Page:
MSE News

Fake 'Martin Lewis' scam ads firm shut down in court – but victims lost £1.5m

A scam online cryptocurrency trading company which falsely claimed it was endorsed by founder Martin Lewis, and others, has been wound up – but only after it lost almost £1.5 million of its victims' funds.

GPay Ltd, which traded as XtraderFX and formerly as Cryptopoint, targeted people in the UK and abroad, advertising its services online and via social media channels. Customers were encouraged to use its trading platform through advertisements that falsely claimed the service was supported or endorsed by Martin and other entrepreneurs.

The Insolvency Service said the firm was wound up on 23 June 2020. Following complaints, investigators found that at least 108 people claimed they had lost just under £1.5 million in total while using the company's online trading platform. In some cases, the firm's customers lost money despite paying insurance which was meant to retrospectively cover their losses.

MSE founder Martin Lewis said: "I don't know whether to dance a jig that these despicable scum have been shut down, or cry that they managed to take so many people's money. I've been fighting scam ads with my face on for four years now – sadly 1,000s have appeared. It's always been tough to get at the actual scammers, which is why I sued Facebook to try and cut off their publicity.

"Of course this isn't going to stop scams. It's just one company of many out there doing similar things, duping people into parting with cash under false promises, and leeching off the reputation of trusted people to do it. I certainly never do any adverts or endorsements (barring for charities), so all those with me in them are false.

"And as online advertising is a Wild West, I'd beware any advert with a well-known face endorsing a slightly offbeat product. Go and do a search first to check it's legit. Remember though, these ads often appear on legit sites, even broadsheet newspaper sites, so you need to ensure it's the content you're looking at, not the ad bars."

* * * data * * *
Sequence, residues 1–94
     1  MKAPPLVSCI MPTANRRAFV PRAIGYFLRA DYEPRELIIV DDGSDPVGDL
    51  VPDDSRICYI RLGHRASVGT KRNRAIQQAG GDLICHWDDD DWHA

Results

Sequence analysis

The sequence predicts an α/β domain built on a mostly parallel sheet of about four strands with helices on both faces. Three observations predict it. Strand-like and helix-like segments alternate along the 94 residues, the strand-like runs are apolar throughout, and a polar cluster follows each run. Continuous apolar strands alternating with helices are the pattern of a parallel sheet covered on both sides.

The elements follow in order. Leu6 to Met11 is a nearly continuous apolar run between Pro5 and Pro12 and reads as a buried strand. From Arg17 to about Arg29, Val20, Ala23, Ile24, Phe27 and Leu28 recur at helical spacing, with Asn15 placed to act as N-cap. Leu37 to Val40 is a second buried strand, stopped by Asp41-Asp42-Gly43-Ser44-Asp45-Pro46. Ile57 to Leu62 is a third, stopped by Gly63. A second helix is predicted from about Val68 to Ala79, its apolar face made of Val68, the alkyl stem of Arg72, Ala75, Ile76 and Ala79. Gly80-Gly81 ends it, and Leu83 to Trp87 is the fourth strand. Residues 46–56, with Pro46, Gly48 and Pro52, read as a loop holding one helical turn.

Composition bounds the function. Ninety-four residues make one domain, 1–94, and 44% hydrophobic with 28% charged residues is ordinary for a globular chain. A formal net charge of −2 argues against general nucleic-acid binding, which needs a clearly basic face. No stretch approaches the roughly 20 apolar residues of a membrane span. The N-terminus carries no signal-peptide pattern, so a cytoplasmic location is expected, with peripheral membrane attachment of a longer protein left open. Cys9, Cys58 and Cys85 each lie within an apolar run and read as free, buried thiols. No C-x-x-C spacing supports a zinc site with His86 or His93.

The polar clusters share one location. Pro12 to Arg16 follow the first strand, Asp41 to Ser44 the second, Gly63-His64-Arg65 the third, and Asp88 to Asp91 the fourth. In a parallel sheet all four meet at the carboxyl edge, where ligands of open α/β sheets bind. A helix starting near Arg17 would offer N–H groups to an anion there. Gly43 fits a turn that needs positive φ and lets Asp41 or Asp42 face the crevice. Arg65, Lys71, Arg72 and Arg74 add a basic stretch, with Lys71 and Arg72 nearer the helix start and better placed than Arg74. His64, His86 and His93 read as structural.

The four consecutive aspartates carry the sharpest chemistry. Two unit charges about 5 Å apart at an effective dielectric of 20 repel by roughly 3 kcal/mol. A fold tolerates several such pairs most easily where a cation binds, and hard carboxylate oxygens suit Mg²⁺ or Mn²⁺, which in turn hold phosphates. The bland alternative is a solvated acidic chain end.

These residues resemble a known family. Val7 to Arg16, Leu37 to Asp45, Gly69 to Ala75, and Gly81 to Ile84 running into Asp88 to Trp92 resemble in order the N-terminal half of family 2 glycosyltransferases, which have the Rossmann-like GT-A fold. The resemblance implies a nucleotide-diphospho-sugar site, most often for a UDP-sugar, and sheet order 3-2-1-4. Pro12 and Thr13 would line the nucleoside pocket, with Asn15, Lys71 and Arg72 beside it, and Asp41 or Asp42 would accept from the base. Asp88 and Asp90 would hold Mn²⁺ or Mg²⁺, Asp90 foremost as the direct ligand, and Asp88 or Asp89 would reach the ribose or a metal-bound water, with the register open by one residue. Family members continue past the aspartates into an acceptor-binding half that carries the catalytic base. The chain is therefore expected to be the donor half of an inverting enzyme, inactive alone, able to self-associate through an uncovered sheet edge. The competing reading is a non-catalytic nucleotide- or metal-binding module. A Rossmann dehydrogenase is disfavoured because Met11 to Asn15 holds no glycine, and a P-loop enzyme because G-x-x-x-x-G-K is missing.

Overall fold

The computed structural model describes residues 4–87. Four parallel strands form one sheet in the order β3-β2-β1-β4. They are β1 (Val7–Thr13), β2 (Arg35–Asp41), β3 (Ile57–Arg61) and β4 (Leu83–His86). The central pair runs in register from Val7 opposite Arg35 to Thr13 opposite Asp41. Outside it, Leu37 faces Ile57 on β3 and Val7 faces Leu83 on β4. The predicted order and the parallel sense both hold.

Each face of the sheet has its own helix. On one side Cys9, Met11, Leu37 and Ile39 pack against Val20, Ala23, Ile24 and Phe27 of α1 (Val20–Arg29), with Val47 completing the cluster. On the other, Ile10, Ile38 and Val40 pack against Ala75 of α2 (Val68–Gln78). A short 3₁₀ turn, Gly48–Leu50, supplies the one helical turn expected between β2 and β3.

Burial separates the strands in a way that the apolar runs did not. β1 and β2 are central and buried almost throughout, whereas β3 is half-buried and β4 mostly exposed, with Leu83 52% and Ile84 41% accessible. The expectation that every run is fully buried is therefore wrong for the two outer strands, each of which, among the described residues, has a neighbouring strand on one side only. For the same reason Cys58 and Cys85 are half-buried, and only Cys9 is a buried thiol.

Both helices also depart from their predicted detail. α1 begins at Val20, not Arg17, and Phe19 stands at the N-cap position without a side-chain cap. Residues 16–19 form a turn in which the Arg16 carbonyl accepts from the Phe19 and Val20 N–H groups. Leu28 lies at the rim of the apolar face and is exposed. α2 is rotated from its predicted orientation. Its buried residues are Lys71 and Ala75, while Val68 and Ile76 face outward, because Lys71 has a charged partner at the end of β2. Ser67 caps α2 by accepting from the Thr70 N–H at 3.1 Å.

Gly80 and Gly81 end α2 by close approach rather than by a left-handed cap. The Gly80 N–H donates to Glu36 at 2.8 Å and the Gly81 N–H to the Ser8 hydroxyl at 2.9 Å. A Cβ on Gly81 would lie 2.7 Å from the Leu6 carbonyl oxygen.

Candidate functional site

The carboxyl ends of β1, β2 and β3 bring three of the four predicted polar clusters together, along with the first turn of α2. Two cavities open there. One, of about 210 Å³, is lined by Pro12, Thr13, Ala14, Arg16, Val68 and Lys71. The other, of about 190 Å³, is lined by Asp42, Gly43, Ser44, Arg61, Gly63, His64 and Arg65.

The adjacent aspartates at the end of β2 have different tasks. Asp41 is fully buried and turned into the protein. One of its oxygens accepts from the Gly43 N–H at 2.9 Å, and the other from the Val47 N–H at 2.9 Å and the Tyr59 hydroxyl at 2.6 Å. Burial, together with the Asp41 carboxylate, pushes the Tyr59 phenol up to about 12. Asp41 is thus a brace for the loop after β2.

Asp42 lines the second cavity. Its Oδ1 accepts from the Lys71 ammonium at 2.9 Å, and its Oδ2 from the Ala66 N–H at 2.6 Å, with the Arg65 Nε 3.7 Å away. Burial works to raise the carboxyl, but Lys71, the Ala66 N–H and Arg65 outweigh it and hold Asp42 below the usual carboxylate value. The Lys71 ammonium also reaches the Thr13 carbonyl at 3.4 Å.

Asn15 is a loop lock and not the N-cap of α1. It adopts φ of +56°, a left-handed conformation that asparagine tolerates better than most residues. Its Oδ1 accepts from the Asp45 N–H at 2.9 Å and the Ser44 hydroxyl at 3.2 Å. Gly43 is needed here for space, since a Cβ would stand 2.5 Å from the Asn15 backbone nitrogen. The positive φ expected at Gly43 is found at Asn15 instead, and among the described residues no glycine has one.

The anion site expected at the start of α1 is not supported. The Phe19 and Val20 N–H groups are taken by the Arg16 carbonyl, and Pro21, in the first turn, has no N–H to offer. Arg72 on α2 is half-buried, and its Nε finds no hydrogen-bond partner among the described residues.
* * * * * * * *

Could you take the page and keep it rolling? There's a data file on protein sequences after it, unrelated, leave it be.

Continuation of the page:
See how to spot Fake Martin Lewis ads for full info.

'This was nothing but a scam'

The Insolvency Service found that when people tried to remove funds from their accounts, they were advised that no withdrawals could be made until they submitted copies of their photo ID, a utility bill and a debit or credit card. This level of information was not asked for by GPay when they accepted deposits. Customers also reported that withdrawals would be declined if they hadn't actively traded the deposited funds.

GPay did not defend the public interest petition put to the High Court. In winding up the company, the court concluded GPay had showed a lack of commercial probity, failed to file statutory accounts and had no legitimate presence at its registered office address, which it appeared to have abandoned.

David Hill, a chief investigator for the Insolvency Service, said: "GPay persuaded customers to part with substantial sums of money to invest in cryptocurrency trading. This was nothing but a scam, as GPay tricked their clients to use their online platform under false pretences and no customer has benefited as their investments have been lost.

"We welcome the court's decision to wind up GPay as it will protect anyone else becoming a victim. This scam should also serve as a warning to anyone who conducts trading online that they should carry out appropriate checks before they invest any money that the company is registered and regulated by the appropriate authorities."

What to do if you spot a scam ad

If you spot a fraudulent ad, you can report it via the Advertising Standards Authority's new scam ads reporting tool. If it features Martin or MSE, please also let us know at, and remember to include a screenshot where possible.

If you've been taken in by one of the many false ads out there, you're sadly not the first and you are not alone. Here's what to do:

  1. If you've already responded to a scam, end all further communication immediately.

  2. Call your bank directly and cancel any recurring payments.

  3. Report the scam to the police through Action Fraud on 0300 123 2040, or report a scam anonymously on its website.

  4. If you need further advice, contact Citizens Advice Scams Action through its website, or call its online scams helpline on 0300 330 3003. Alternatively, contact the Financial Conduct Authority's helpline on 0800 111 6768.

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